House prices in Scotland rose by more than the UK average last year, with an 11.2% increase over the year to December 2021.
Analysis from the Office of National Statistics (ONS) found that the average house price in Scotland reached £180,000.
Across the UK generally, house prices increased by 10.8% over the year to December 2021, according to the UK House Price Index.
The ONS found that the average house price across the whole of the UK reached record levels in the month of December, with the average UK house price increasing by £27,000 last year, ending 2021 on a record high of £275,000, according to official figures.
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ONS head of Inflation Mike Hardie said: “House prices in the UK all reached record levels this month, with the average UK house price at £275,000 in December 2021, £27,000 higher than this time last year.
In Scotland the average house price increased by 11.2% over the year to December 2021, and while lower than the 12.1% increase in the year to November 2021, average price increases were recorded in all 32 local authorities across the country.
The largest increase was in Fife where the average price increased by 16.0% to £166,836. The smallest increase was recorded in Aberdeen, where the average price increased by 3.5% to £148,251.
Edinburgh remained the highest-priced area to purchase a property with the average price sitting at £312,459.
In contrast, the lowest-priced area to purchase a property was East Ayrshire, where the average price was £121,488.
Commenting on the house price figures in Scotland, Registers of Scotland (Ros) Business Development Director Kenny Crawford said: “The average price of a property in Scotland in December was £180,485, slightly lower than £183,876 reported in November 2021 which was the highest reported for any month since January 2004, from when Scottish data for the UK HPI was first available.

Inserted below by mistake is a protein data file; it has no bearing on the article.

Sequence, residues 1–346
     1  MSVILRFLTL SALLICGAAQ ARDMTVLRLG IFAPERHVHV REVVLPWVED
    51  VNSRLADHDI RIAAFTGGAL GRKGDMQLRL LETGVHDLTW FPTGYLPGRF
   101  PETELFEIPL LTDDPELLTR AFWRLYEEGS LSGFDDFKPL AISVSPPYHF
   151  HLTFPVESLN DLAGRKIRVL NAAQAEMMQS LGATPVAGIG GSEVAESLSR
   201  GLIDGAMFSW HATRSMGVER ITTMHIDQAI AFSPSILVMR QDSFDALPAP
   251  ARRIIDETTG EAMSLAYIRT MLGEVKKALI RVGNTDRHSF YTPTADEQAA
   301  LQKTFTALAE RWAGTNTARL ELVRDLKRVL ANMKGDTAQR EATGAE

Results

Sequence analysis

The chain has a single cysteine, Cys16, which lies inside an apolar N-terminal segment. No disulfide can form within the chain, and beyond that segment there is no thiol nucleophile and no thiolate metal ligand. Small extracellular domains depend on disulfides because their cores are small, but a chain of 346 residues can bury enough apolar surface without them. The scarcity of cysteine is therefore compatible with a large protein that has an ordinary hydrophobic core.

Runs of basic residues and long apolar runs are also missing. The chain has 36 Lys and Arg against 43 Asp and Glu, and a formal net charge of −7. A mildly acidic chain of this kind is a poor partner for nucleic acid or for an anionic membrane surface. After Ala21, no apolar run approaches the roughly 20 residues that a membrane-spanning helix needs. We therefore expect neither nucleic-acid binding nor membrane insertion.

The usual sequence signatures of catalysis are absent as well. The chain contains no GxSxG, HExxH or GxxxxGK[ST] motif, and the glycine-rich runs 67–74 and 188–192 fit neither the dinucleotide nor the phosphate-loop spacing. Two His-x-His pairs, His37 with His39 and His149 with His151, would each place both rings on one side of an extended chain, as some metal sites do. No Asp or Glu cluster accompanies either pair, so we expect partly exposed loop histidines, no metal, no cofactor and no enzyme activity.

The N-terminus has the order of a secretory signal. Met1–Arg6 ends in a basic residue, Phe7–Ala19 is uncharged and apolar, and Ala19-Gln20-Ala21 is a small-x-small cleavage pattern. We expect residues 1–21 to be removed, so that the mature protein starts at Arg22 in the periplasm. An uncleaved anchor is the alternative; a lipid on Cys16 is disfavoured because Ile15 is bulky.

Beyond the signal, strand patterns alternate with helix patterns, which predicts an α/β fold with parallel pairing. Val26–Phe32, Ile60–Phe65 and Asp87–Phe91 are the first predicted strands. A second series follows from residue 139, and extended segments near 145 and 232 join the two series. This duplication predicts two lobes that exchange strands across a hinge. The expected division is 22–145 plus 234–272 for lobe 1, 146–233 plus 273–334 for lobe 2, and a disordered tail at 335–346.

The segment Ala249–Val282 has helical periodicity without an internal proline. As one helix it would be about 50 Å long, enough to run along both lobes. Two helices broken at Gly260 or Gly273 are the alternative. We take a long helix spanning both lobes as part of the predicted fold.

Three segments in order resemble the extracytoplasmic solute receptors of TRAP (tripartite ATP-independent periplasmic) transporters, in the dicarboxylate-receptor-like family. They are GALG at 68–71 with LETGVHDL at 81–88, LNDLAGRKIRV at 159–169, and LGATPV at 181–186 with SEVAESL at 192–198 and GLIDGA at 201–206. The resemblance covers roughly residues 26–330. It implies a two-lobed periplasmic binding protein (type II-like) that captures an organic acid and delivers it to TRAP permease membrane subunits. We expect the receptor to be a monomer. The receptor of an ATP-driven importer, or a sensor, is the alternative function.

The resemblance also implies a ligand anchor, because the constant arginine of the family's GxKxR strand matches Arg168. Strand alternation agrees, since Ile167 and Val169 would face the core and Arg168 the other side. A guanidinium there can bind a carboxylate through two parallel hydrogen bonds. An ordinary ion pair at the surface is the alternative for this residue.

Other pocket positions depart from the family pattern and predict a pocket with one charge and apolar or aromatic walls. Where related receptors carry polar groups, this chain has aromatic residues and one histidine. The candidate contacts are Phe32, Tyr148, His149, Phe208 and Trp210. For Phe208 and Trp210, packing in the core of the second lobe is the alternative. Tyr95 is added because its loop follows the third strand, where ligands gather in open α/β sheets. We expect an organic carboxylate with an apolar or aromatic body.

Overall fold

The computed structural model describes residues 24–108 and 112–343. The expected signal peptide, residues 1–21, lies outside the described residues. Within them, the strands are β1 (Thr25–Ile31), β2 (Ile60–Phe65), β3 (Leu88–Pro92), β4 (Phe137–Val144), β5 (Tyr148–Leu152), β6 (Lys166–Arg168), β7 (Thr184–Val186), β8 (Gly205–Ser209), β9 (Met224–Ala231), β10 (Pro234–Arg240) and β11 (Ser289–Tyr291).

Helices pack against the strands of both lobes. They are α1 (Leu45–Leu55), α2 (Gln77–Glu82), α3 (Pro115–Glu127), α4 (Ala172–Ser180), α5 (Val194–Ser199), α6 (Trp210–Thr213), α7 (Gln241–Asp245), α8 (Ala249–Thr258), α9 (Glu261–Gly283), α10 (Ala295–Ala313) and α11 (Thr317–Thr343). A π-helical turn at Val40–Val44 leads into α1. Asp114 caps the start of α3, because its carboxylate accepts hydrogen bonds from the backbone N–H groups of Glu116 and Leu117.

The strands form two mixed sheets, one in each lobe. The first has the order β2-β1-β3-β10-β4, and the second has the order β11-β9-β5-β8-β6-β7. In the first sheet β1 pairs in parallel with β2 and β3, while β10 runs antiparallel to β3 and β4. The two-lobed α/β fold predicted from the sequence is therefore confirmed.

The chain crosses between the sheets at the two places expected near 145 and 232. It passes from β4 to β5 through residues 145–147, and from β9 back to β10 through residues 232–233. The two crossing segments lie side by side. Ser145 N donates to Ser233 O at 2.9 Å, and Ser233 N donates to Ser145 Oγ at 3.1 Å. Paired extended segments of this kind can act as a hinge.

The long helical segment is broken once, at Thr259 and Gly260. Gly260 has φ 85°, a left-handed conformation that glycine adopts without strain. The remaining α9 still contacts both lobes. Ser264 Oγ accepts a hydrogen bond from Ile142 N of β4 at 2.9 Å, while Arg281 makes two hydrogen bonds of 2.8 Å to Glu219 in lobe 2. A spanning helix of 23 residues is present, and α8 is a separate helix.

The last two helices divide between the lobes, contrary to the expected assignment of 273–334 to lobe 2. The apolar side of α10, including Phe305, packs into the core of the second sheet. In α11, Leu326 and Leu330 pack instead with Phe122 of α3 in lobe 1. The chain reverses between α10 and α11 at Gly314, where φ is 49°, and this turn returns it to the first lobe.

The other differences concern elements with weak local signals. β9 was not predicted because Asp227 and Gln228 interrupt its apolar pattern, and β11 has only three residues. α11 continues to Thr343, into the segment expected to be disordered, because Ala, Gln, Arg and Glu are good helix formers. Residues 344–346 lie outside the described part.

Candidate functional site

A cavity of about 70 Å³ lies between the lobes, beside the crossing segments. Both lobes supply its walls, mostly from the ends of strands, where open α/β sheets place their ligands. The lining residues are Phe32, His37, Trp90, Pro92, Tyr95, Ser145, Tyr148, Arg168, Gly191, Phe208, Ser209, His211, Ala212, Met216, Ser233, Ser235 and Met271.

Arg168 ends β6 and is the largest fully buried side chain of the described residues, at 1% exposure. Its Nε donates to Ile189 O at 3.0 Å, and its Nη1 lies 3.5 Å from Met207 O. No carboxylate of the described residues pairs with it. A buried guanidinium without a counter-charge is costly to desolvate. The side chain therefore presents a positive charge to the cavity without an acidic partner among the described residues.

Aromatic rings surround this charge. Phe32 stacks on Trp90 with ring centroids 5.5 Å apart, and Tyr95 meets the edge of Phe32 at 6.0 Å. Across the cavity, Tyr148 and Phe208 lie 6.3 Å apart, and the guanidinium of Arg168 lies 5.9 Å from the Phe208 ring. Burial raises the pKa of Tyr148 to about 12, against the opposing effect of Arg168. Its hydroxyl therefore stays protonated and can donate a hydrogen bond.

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“Over the year as a whole, from November 2020 to the end of October 2021, the number of transactions has picked up following the reductions caused by COVID-19 measures and cumulatively is now 67% higher than the previous year.
Figures in the current year to date are also 15.5% higher than pre-COVID-19 figures from November 2018 to October 2019.”
According to RoS figures detached properties showed the biggest increase out of all property types, rising by 16.7% in the year to December 2021 to £330,461. Flatted properties showed the smallest increase, rising by 5.9% in the year to December 2021 to £122,189.
A separate ONS report also released on Wednesday showed that private rental prices paid by tenants in the UK increased by 2.0% in the 12 months to January 2022 – representing the sharpest annual growth rate since February 2017.
Excluding London, private rents increased by 3.0% year on year.
Nitesh Patel, strategic economist at Yorkshire Building Society, said: “A key challenge in the current housing market is the lack of supply of homes for sale whilst demand continues to remain strong.
“For most of last year the stamp duty holiday had provided a boost but even after that ended prices have continued to rise. Low borrowing costs and a strong jobs market are key drivers but in the coming months a further deterioration in household finances may take some of the heat out of the market.”
By Stephen Mcilkenny
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